Artnet Review of Findlay Show
by Donald Kuspit
"Like the best abstract paintings, Stern's abstract photographs are "mystical," that is, afford a numinous experience. They exist on the threshold between the seen and the unseen. Her photographs have a direct relationship with Christian Schad’s Schadographs, Man Ray’s Rayographs, and Lazlo Moholy-Nagy’s Photograms, and perhaps above all to Alfred Stieglitz’s Equivalents (all their “experimental” photographs were made between the world wars), for his clouds seem like a prelude to her veils, which are more conclusively, cunningly, and conspicuously abstract. Her refined, unnerving photographs are the historically inevitable grand climax of more than a century of experimental photography."
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The New York Observer Review of Gallery B.A.I Show
by A. D. Coleman
"Deeply sensual yet rigorously formal,  these images are not about what they are of.  They stubbornly refuse to function as anything more than surfaces for the eye to move over, spaces for the eye to move through. Thus they raise this question: What is the relationship in photography between literal and metaphorical content?"

Arts Magazine
by Barry Schwabsky
"Paul Caponigro has supplied a foreword to Lynn Stern:Unveilings, yet her set of variations on a simple figure/ground setup, a flower against a white coth background, is quite distant from Caponigro’s warmth: these images take on a complicated purity that is almost violent in effect. They are among the strongest photographic images I have seen recently."

Dia de Valladolid
by Angelica Tanarro

"The skulls and the veils of Lynn Stern guide the viewer toward “the threshold between the visible and the invisible” - a place in which, despite the passing of years or the differences in the series’ subject matter, some constants emerge: “Certain key elements,” according to the photographer, such as “a quality of indirect light that seems to emanate from within like a spiritual presence.”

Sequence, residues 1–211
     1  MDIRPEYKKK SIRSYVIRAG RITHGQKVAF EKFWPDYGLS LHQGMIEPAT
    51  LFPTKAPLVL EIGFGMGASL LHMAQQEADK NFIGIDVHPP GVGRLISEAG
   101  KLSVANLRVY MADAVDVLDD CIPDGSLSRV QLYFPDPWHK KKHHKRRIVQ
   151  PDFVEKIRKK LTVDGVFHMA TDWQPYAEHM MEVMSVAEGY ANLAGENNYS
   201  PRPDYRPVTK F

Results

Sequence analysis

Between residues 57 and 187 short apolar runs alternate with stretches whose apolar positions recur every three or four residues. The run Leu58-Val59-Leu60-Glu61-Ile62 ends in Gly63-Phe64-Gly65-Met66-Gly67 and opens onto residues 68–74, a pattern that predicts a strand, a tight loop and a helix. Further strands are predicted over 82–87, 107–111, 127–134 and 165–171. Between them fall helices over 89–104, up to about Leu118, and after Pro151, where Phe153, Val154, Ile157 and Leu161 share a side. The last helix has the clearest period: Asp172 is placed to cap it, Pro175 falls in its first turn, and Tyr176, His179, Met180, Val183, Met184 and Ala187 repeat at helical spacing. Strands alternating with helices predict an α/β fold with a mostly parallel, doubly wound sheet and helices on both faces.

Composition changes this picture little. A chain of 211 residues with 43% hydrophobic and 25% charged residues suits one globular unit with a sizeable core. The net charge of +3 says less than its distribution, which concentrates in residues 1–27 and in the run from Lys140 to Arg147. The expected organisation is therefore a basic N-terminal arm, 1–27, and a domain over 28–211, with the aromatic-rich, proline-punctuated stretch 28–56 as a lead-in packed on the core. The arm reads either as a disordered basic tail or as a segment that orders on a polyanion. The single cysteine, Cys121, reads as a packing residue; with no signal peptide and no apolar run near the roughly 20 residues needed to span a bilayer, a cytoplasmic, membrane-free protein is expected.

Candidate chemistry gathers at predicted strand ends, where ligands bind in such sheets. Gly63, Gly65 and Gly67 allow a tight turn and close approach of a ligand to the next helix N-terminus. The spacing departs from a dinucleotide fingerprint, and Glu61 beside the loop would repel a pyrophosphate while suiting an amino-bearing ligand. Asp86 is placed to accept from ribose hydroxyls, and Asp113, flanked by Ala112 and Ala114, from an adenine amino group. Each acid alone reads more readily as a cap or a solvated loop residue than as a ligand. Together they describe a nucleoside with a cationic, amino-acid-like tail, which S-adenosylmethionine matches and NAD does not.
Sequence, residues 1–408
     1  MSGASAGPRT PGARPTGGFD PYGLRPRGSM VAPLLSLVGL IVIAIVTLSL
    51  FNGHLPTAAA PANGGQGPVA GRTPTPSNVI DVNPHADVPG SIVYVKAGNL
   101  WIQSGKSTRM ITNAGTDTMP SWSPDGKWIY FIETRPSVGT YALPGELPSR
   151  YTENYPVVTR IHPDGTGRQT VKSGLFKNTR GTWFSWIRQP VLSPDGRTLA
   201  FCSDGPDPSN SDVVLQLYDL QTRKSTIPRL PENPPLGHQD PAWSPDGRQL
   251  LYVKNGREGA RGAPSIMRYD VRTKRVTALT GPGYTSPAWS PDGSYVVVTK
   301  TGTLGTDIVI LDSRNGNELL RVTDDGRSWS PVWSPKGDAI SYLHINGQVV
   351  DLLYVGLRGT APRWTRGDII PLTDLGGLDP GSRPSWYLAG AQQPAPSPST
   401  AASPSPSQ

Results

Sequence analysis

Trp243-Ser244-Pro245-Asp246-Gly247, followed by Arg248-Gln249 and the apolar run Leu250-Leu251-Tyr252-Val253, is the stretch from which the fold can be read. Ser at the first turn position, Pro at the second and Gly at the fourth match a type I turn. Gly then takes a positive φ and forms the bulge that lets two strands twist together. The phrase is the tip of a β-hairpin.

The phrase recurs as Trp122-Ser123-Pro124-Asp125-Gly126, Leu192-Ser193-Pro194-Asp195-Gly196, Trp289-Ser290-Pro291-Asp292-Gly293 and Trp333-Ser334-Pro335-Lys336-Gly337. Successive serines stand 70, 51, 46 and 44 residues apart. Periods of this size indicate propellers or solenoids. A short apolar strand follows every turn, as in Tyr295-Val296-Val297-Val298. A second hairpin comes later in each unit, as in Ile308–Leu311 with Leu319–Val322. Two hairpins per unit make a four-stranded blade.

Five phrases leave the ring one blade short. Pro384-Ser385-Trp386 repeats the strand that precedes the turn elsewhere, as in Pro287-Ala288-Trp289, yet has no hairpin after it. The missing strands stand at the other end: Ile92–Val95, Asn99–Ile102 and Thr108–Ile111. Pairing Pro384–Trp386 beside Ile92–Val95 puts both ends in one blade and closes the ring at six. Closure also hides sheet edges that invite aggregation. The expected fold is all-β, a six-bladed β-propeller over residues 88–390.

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El Norte de Castilla
by Angelica Tanarro
"For Stern, the object is a means – a ‘medium,’ we should say, given how mysterious her black-and-white images are. What stand out are points of light that emphasize the range of grays, as well as textures – created by interposing a fabric between the lens and the object – that evoke conte crayon drawings. The whole exhibition takes you back to the Spanish mystic tradition, to artists such as Zurbarán (Stern's work overflows with the spiritual nature of white)."
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Diario de Valladolid
Christina San Jose
"More than a hundred photographs from fourteen different series fill the galleries of the Museo Fundación Cristóbal Gabarrón in an exhibit in which Stern intends “to de-literalize what is in front of the lens.” In the same way that one always tries to see in paintings something beyond what the work shows directly, Stern wants her photographs to project more than what is seen by the eye."
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